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  • A data envelopment analysis-based approach for data preprocessing

    Page(s): 1379 - 1388
    Save to Project icon | Request Permissions | Click to expandQuick Abstract | PDF file iconPDF (496 KB) |  | HTML iconHTML  

    In this paper, we show how the data envelopment analysis (DEA) model might be useful to screen training data so a subset of examples that satisfy monotonicity property can be identified. Using real-world health care and software engineering data, managerial monotonicity assumption, and artificial neural network (ANN) as a forecasting model, we illustrate that DEA-based data screening of training data improves forecasting accuracy of an ANN. View full abstract»

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  • A shrinking-based clustering approach for multidimensional data

    Page(s): 1389 - 1403
    Save to Project icon | Request Permissions | Click to expandQuick Abstract | PDF file iconPDF (1224 KB) |  | HTML iconHTML  

    Existing data analysis techniques have difficulty in handling multidimensional data. Multidimensional data has been a challenge for data analysis because of the inherent sparsity of the points. In this paper, we first present a novel data preprocessing technique called shrinking which optimizes the inherent characteristic of distribution of data. This data reorganization concept can be applied in many fields such as pattern recognition, data clustering, and signal processing. Then, as an important application of the data shrinking preprocessing, we propose a shrinking-based approach for multidimensional data analysis which consists of three steps: data shrinking, cluster detection, and cluster evaluation and selection. The process of data shrinking moves data points along the direction of the density gradient, thus generating condensed, widely-separated clusters. Following data shrinking, clusters are detected by finding the connected components of dense cells (and evaluated by their compactness). The data-shrinking and cluster-detection steps are conducted on a sequence of grids with different cell sizes. The clusters detected at these scales are compared by a cluster-wise evaluation measurement, and the best clusters are selected as the final result. The experimental results show that this approach can effectively and efficiently detect clusters in both low and high-dimensional spaces. View full abstract»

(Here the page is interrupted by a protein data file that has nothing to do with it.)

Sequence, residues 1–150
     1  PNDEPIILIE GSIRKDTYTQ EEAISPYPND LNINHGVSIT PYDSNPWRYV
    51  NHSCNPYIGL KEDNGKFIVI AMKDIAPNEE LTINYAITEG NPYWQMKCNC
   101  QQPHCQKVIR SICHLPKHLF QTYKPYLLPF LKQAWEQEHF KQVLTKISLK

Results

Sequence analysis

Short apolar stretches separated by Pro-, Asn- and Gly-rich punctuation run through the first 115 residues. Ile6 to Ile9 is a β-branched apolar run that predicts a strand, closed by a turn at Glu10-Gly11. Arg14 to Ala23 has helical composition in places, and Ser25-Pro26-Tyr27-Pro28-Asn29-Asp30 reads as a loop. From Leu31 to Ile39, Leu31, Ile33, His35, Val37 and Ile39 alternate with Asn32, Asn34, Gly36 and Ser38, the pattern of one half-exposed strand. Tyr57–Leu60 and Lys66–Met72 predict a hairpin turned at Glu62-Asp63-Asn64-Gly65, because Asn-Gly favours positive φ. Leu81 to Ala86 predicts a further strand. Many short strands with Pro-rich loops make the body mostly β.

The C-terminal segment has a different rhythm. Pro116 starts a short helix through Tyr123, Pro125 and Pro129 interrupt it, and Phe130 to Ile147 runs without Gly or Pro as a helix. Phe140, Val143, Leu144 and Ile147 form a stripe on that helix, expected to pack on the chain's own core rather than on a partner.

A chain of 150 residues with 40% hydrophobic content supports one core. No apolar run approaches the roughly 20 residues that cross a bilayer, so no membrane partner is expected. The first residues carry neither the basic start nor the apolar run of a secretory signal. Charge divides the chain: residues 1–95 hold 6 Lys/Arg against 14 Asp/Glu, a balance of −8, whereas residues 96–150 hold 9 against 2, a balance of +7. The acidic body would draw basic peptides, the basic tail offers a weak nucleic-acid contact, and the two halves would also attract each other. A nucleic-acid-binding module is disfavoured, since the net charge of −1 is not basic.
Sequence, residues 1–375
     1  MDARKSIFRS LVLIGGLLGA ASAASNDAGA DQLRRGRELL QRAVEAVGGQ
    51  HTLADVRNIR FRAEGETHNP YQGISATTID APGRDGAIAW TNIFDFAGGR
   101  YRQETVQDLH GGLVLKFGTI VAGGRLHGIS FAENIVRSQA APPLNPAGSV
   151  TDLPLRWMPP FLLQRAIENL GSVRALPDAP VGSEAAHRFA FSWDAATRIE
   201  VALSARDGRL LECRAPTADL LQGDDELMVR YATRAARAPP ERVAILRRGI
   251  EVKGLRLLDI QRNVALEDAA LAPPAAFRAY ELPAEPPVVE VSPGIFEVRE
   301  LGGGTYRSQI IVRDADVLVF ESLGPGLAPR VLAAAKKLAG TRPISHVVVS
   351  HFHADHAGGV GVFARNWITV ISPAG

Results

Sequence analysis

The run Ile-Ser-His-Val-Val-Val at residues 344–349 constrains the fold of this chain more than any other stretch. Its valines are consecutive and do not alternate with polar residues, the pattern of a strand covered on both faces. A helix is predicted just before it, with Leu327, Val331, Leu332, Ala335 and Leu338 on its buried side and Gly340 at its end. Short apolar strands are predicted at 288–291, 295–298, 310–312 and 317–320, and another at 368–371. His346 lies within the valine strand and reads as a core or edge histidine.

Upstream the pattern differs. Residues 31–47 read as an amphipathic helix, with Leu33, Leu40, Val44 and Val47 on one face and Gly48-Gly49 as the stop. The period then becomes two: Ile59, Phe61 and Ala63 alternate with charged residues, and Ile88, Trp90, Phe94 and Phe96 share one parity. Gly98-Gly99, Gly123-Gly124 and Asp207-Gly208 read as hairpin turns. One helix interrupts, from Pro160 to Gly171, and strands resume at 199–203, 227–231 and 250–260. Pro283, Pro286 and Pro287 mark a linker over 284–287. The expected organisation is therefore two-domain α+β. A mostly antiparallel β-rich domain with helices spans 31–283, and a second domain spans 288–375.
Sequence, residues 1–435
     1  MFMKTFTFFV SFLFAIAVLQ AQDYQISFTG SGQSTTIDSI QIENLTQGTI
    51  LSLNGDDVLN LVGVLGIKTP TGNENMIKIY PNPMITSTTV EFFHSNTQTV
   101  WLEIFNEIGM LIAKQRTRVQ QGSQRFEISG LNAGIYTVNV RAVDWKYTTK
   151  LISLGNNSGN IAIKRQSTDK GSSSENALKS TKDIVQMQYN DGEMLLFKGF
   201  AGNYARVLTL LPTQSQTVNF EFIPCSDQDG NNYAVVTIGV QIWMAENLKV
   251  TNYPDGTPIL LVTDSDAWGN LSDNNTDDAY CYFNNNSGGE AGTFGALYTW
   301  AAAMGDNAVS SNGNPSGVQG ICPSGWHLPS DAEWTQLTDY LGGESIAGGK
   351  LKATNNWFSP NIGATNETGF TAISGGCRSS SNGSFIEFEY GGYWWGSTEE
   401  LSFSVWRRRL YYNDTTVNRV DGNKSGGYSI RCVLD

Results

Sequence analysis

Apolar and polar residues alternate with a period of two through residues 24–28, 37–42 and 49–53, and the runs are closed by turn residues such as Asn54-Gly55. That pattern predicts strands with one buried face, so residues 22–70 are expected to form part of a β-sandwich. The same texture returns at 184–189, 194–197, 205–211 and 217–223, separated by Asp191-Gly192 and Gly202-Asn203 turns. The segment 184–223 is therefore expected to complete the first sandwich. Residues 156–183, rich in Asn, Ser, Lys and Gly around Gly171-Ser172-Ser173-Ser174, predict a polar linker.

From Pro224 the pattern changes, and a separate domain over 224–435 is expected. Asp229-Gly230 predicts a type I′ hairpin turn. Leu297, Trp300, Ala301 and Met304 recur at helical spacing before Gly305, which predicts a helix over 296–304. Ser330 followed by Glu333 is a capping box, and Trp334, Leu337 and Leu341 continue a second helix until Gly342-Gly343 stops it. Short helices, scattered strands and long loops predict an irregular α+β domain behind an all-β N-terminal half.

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  • State-space optimization of ETL workflows

    Page(s): 1404 - 1419
    Save to Project icon | Request Permissions | Click to expandQuick Abstract | PDF file iconPDF (1448 KB) |  | HTML iconHTML  

    Extraction-transformation-loading (ETL) tools are pieces of software responsible for the extraction of data from several sources, their cleansing, customization, and insertion into a data warehouse. In this paper, we derive into the logical optimization of ETL processes, modeling it as a state-space search problem. We consider each ETL workflow as a state and fabricate the state space through a set of correct state transitions. Moreover, we provide an exhaustive and two heuristic algorithms toward the minimization of the execution cost of an ETL workflow. The heuristic algorithm with greedy characteristics significantly outperforms the other two algorithms for a large set of experimental cases. View full abstract»

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  • Pattern discovery on Australian medical claim data - a systematic approach

    Page(s): 1420 - 1435